Tuesday, August 29, 2000 by

It’s late night television and the heat is off. Unencumbered from producing ratings winners, programme makers who occupy the twilight zone are able to kick back a little and construct more diverse and idiosyncratic television. It is customary for such programmes to either implicitly or explicitly recognise their position in the schedules. Channel 5′s “erotica” may be an obvious example of this, but quasi-dinner table discussions and darkened backdrops seem to bind together countless late night offerings ranging from The Late Show, After Dark, Late Night Poker and The Midnight Hour. Pretentious and self-seeking people have often populated such programmes, ensuring that a potentially interesting format is sacrificed as the blowhards presenting them aggrandize and aggravate, causing the rest of us to reach for our remote controls. Hypotheticals offers us something a little different.

A number of late night offerings have pursued a course of shock tactics, usually with an undesired effect. Hypotheticals is not such a programme, instead residing among the intelligentsia of the genre. A perennial, if unpredictably scheduled addition to the late night BBC2 schedule, the first of this series’ three programmes (as ever stripped across consecutive nights Millionaire style) invited us to enter the morally fraught world of the NHS. Conceptually, Hypotheticals is a gem of an idea. Invite a number of distinguished figures from a professional discipline empowered with making moral decisions, and put them to the test with a made-up story, designed specifically to eke out those morally grey areas of their professional, public lives.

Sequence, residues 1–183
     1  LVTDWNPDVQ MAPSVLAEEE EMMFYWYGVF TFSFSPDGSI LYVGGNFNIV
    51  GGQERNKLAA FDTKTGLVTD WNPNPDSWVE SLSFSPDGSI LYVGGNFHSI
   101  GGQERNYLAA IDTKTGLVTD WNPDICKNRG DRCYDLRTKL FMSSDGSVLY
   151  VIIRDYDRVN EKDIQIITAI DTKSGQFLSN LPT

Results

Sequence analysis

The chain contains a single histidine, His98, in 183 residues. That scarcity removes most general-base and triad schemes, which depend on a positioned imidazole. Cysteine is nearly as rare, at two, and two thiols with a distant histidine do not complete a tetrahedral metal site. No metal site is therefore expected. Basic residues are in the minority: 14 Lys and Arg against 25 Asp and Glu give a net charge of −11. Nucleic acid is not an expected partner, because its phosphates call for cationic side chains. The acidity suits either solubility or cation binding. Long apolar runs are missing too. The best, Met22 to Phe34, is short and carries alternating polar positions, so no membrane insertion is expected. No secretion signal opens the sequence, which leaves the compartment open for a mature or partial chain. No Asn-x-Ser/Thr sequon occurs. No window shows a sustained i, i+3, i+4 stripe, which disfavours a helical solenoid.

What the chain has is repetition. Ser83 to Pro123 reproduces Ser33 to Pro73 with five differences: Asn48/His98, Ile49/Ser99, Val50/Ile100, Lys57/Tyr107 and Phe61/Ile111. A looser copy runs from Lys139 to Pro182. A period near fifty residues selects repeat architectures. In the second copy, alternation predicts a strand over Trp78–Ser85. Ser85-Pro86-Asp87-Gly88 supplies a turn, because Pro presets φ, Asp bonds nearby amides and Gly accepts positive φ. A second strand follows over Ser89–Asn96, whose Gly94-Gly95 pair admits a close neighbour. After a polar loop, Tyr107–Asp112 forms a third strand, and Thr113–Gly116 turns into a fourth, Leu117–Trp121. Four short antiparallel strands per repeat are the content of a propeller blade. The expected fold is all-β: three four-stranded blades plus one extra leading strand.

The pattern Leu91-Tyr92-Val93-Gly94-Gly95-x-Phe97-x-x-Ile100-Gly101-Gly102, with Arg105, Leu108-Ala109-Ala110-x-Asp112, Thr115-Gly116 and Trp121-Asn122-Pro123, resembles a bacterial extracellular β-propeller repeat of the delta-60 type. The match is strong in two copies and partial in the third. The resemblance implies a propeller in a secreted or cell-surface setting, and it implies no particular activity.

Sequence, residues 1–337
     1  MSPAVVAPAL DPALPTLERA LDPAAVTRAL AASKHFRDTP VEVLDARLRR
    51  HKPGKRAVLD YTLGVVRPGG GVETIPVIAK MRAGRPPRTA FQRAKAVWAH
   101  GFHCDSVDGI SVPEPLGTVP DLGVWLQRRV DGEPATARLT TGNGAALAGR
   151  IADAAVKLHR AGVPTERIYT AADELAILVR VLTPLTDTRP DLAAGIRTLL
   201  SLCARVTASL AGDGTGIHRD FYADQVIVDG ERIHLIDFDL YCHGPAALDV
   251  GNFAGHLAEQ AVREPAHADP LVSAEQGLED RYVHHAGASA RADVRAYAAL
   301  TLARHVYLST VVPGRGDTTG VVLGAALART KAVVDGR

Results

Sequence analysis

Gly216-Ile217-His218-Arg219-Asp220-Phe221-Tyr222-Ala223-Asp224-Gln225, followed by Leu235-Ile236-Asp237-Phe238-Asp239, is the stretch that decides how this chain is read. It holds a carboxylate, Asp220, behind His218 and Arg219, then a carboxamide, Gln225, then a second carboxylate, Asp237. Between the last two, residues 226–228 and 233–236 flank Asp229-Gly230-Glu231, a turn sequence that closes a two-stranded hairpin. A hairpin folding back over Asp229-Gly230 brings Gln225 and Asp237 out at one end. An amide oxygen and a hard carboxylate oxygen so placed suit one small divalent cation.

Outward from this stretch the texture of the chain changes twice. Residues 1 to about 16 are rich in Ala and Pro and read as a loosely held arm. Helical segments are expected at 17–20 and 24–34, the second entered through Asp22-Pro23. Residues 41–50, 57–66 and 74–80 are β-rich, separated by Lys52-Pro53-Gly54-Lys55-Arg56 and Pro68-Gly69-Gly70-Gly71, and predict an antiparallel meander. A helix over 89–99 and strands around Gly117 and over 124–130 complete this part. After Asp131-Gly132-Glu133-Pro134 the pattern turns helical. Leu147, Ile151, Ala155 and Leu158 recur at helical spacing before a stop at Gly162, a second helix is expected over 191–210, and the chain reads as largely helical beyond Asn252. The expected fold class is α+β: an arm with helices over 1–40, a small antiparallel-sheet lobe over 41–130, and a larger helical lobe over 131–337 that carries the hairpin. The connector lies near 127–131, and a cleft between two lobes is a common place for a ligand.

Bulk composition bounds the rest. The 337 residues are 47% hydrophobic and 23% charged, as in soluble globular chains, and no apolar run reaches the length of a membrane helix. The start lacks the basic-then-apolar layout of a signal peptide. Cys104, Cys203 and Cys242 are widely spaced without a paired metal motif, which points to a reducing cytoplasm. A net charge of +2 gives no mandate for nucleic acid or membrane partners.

Tonight’s “Moderator” (Clive Anderson) began the programme seemingly intent on revealing the daily equations doctors are forced to make between human life and monetary value. Although he conducted himself with his usual self-confidence, his much-vaunted “incisiveness” seemed to desert him a little as the inquisition began. What had begun as a story of two patients requesting Prozac from their GP, seemed to evolve in a rather hurried fashion. Anderson began by quizzing the panel on whether or not they would continue to prescribe Prozac to a convicted rapist, yet chose to divert attention away from the issue just as an engaging debate seemed to be forming. Instead, he decided to paint a rather familiar picture of the resourcing issues that dog the NHS. Clive posed and re-posed the standard under-funding dilemmas to a group of people who – far from being mentally stretched by having to seek out a response to such questions – were happy to admit that Clive’s scenarios formed part of their daily lives.

One of the strengths of Hypotheticals has always been the eloquence of its panel and tonight was no exception. Whilst, Anderson may have been a little off form, the group spoke with an insight and an honesty familiar to regular viewers. Tonight’s most telling exchange occurred when one of the doctors openly admitted that he would secretly prioritise younger patients over older. One of his colleagues seemed a little shocked by his response, citing issues of public accountability. The doctor’s response was frank: “I didn’t ask to be asked that question. It’s a difficult situation and I just answered honestly.” Such was the standard of disclosure for the entire broadcast. Ultimately, Anderson was unable to take the debate in to any areas of moral ambiguity that could trouble his panel. Thus by the end, he seemed a little worn out. His concluding comments ensured that his hypothetical hospital received all the extra funding it required, yet as the panel happily applauded, one was left with a sense that these ashes could have been raked some more. Not a fine episode, but an indicator of a fine programme nonetheless.


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